Commemoration week ends with call for increased efforts in fight against genocide ideology

While concluding the week-long commemoration week on Monday, April 13, the National Commission for the Fight Against Genocide(CNLG) called for additional efforts in combating genocide ideology.

The commemoration week is part of the 100 days in which the 1994 genocide against Tutsi took place and claimed over one million lives.


This year's remembrance was different from previous ones due to COVID-19 which prevented mass gatherings. As a result, all programs related to commemoration were streamed on local media platforms.


The final day of the commemoration ran under the theme "the role of political parties in spreading genocide ideology in 1994, as well as the role of citizen-centered leadership in commemoration and in fighting genocide ideology."


Speaking to The New Times, Dr Jean Damascene Bizimana, Director General of CNLG noted that the Government has already taken measures to curb genocide denial.

He said:" We have already started educating the youth on the tragedy that our country went through during the 1994 genocide against the Tutsi and showing them how destructive genocide ideology can be."

Bizimana continued to say that parents should also join this fight by informing children the truth of the 1994 against the Tutsi.

He said: "We also request parents to play their role in teaching their children the true history of this country vis-a-vis genocide against the Tutsi, and avoid any form of lies because the consequences will always be huge"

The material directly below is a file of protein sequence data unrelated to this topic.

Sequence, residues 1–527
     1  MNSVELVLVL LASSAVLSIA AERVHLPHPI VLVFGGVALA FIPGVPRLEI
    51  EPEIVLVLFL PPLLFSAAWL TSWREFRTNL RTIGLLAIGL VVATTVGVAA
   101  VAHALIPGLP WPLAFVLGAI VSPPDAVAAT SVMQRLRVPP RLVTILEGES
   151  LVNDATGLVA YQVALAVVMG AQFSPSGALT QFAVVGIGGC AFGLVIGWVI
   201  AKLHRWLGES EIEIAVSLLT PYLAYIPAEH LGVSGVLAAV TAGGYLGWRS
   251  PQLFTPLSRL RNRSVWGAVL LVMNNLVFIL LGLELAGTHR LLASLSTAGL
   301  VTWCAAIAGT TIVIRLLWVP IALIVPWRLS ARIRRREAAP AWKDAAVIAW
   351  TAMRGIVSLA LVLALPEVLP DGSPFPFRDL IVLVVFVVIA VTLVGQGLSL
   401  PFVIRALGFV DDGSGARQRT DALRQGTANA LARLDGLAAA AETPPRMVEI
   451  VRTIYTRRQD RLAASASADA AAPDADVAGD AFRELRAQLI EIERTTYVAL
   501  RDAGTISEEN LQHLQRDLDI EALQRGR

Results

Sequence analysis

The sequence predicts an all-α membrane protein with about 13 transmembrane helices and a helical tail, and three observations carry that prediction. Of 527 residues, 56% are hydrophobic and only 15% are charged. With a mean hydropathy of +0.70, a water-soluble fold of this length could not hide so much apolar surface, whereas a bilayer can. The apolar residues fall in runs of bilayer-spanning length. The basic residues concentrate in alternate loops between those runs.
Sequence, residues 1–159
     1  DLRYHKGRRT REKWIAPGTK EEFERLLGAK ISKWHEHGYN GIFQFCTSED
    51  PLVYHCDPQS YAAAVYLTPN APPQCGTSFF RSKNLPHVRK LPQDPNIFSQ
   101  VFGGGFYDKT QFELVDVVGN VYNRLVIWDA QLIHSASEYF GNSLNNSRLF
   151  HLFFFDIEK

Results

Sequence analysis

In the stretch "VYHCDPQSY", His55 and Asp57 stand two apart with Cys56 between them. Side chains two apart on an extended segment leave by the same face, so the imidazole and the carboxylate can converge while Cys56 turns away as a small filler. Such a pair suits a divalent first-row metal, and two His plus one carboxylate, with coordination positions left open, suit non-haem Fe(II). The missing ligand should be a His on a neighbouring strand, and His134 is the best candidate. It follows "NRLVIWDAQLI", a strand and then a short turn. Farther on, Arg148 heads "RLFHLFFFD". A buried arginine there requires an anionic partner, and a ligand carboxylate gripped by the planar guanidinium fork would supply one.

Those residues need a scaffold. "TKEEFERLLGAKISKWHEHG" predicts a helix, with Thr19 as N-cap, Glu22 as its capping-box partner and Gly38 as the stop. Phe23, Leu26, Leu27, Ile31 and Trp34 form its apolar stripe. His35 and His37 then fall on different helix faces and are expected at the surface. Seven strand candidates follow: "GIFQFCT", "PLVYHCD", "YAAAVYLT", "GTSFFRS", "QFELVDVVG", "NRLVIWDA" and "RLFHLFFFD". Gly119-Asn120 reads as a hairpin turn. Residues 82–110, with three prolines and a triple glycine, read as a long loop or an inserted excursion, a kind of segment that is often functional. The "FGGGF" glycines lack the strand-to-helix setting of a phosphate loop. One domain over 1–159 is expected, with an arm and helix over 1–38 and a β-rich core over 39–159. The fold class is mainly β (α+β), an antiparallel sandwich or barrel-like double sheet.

Effective use of technology

Former senator, Tito Rutaremara also highlighted that young people in particular should make good use of technology and confront genocide deniers with facts.

"Apparently, everything is going digital including those disseminating genocide ideology," he said, adding that: "Youth should take advantage of the available technology and disclose the truth they know about the genocide, so as to even protect people from falling into the trap of genocide deniers because of lacking a comparison base," He said.

The reason to why we want, to focus on is being there are the future generation and know less about the genocide, Rutaremara said.

Law provision on genocide ideology crime

According to the law on the crime of genocide ideology and related crimes that was enacted in 2018, a person who, in public, either verbally, in writing, through images or in any other manner, commits an act that manifests an ideology that supports or advocates for destroying, in whole or in part, a national, ethnic, racial or religious group, commits an offence.

Upon conviction, the law provides, he/she is liable to imprisonment for a term of not less than five years and not more than seven years, with a fine of not less than Rwf500,000 and not more than Rwf1 million.

Subscribe to The New Times E-Paper

For news tips and story ideas please WhatsApp +250 788 310 999    


Follow The New Times on Google News